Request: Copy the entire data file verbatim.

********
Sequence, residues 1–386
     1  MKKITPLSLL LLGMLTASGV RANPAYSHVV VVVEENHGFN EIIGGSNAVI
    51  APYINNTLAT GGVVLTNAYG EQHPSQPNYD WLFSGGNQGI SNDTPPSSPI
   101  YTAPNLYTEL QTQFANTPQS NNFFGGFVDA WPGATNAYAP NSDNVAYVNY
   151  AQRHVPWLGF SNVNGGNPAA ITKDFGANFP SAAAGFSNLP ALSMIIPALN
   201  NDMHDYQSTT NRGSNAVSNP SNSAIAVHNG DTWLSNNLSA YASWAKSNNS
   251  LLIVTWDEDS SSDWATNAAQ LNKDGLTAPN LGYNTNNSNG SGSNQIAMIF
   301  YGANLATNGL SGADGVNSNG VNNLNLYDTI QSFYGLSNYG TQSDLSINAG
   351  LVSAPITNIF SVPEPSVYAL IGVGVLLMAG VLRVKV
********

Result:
Sequence, residues 1–386
     1  MKKITPLSLL LLGMLTASGV RANPAYSHVV VVVEENHGFN EIIGGSNAVI
    51  APYINNTLAT GGVVLTNAYG EQHPSQPNYD WLFSGGNQGI SNDTPPSSPI
   101  YTAPNLYTEL QTQFANTPQS NNFFGGFVDA WPGATNAYAP NSDNVAYVNY
   151  AQRHVPWLGF SNVNGGNPAA ITKDFGANFP SAAAGFSNLP ALSMIIPALN
   201  NDMHDYQSTT NRGSNAVSNP SNSAIAVHNG DTWLSNNLSA YASWAKSNNS
   251  LLIVTWDEDS SSDWATNAAQ LNKDGLTAPN LGYNTNNSNG SGSNQIAMIF
   301  YGANLATNGL SGADGVNSNG VNNLNLYDTI QSFYGLSNYG TQSDLSINAG
   351  LVSAPITNIF SVPEPSVYAL IGVGVLLMAG VLRVKV